According to Neil Watson, technical support manager for Hutchinsons, this autumn many farmers have been forced into drilling wheat and barley later because of the wet soil conditions.
“Ironically this is a good cultural method of reducing BYDV in your crop. However with recent milder autumns, we are seeing aphid flights extending later in the year. BYDV is a damaging virus affecting wheat and barley mainly in the warmer south and transmitted by two main aphid species (grain aphid, bird cherry aphid) in October and early November. Early infections kill patches of plants resulting in yield losses of up to 30% in wheat and up to 70% in barley. Symptoms of leaf yellowing and stunting are seen in the spring by which time there is nothing you can do about it."
“It has become a challenge to control BYDV as we no longer have seed dressings that used to give up to six weeks protection. We have to rely upon cultural control or pyrethroid insecticides. The risk of BYDV is dictated by the season and the level of aphids carrying viruses. This year infectivity in aphids is very high at 20-30% on average for aphids tested in the last few weeks. Some agronomists use the TSum of 170°C (accumulated daily air temperature) to determine spray timing from crop emergence. This is when the second generation aphids spread viruses within the crop from initial infections. I would not necessarily rely on this solely if there is a major flight on late emerging wheat. The smaller the plant, the greater the impact of the virus."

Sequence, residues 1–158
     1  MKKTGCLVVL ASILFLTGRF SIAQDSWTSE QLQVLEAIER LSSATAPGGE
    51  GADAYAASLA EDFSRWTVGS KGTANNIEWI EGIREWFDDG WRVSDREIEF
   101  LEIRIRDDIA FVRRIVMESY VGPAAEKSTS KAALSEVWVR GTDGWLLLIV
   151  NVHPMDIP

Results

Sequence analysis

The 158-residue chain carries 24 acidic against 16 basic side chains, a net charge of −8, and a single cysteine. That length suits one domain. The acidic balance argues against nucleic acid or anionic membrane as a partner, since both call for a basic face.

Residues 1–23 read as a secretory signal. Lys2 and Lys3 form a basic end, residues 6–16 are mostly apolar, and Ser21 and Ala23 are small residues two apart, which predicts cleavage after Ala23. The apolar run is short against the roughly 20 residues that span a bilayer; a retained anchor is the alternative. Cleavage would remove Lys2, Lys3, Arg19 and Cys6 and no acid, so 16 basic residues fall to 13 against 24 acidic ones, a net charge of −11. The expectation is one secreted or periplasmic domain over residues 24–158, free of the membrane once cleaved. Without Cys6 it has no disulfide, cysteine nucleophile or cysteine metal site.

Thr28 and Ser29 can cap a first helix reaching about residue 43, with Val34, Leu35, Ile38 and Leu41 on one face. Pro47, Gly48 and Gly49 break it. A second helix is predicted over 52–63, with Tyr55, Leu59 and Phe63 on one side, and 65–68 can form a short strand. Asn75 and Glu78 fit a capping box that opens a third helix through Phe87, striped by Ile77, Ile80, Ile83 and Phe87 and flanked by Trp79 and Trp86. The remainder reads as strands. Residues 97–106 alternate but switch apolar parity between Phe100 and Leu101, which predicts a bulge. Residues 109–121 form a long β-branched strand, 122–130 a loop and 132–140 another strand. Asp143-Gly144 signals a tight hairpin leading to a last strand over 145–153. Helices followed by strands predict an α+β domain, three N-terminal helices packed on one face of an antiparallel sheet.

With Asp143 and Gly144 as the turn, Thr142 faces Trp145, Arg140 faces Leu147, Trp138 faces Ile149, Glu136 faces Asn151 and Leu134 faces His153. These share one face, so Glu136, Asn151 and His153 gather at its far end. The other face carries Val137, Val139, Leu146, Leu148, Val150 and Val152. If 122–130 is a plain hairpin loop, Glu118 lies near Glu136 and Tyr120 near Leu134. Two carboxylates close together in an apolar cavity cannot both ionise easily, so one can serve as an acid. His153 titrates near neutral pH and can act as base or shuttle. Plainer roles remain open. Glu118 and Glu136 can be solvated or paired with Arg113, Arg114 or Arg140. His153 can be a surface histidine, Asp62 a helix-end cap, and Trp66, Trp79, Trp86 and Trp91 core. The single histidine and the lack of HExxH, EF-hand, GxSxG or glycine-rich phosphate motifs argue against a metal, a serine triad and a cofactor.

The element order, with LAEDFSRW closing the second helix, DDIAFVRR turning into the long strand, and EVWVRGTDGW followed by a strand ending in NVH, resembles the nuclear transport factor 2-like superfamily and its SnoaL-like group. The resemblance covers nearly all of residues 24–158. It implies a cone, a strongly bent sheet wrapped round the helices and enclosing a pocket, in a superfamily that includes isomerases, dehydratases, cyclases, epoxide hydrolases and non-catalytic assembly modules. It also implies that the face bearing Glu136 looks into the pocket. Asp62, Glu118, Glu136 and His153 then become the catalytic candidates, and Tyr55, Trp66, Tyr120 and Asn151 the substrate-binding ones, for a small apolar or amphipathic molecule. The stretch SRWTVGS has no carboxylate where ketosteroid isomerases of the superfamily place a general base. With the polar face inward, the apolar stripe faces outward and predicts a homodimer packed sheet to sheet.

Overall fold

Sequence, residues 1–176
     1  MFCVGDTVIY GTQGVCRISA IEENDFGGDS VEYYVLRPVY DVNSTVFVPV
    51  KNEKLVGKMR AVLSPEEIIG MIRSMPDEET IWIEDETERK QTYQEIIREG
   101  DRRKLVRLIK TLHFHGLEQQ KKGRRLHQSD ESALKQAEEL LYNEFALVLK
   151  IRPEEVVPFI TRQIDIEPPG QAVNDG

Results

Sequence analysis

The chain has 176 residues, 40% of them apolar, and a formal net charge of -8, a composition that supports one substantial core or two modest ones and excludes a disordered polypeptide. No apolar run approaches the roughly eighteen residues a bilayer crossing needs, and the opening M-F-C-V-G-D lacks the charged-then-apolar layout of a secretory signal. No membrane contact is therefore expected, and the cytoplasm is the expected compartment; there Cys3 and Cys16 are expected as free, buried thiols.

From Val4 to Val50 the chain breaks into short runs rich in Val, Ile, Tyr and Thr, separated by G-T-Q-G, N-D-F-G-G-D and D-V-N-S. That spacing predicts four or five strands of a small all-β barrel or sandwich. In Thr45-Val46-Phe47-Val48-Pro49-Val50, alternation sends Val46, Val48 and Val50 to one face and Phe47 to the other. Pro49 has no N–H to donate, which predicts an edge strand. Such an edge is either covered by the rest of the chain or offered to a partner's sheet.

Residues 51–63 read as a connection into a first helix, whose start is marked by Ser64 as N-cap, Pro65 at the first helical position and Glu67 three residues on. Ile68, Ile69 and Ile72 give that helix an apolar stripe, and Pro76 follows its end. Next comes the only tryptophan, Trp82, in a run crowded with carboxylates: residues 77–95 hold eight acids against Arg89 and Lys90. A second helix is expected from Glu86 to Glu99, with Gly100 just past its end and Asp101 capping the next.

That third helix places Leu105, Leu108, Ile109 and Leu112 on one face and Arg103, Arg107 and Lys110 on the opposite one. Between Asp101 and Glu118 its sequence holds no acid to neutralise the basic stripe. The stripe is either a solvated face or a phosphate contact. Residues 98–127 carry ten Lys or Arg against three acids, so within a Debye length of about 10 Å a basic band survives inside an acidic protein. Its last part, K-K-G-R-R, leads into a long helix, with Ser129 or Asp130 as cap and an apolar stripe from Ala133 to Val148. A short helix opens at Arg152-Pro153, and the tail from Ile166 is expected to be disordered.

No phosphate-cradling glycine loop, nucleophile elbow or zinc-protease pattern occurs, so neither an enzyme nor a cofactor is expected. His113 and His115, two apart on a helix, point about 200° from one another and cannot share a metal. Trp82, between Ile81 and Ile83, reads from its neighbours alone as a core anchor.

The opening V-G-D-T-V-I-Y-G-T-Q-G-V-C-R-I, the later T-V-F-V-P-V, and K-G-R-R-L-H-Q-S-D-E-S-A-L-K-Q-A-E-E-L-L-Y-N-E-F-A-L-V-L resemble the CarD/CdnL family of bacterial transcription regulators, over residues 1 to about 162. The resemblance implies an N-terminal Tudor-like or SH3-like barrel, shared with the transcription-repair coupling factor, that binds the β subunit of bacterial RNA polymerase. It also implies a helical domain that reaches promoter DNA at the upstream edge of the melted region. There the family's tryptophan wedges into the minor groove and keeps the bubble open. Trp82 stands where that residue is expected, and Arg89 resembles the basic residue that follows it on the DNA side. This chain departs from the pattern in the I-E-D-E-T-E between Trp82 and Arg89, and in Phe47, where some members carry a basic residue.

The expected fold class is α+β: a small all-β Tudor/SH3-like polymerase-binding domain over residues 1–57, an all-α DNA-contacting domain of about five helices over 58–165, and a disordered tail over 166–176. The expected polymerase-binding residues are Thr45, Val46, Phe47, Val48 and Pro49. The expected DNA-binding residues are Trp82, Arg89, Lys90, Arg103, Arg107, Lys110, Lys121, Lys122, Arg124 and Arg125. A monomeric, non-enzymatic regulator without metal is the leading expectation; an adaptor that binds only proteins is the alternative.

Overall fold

"Another way of minimising risk is to destroy any green bridges where aphids pass from one crop to another. Prophylactic spraying of pyrethroids will increase resistance and also, because of their broad spectrum nature, they will kill beneficial insects. We need to move away from spraying pyrethroids every year and use more cultural methods of reducing BYDV. In future a greater reliance is likely to be placed on tolerant varieties. We already have a tolerant barley variety and in 2020 there is a tolerant wheat variety being developed. If the other growing characteristics of these varieties are acceptable, they may be a useful tool, but they still need managing," says Neil.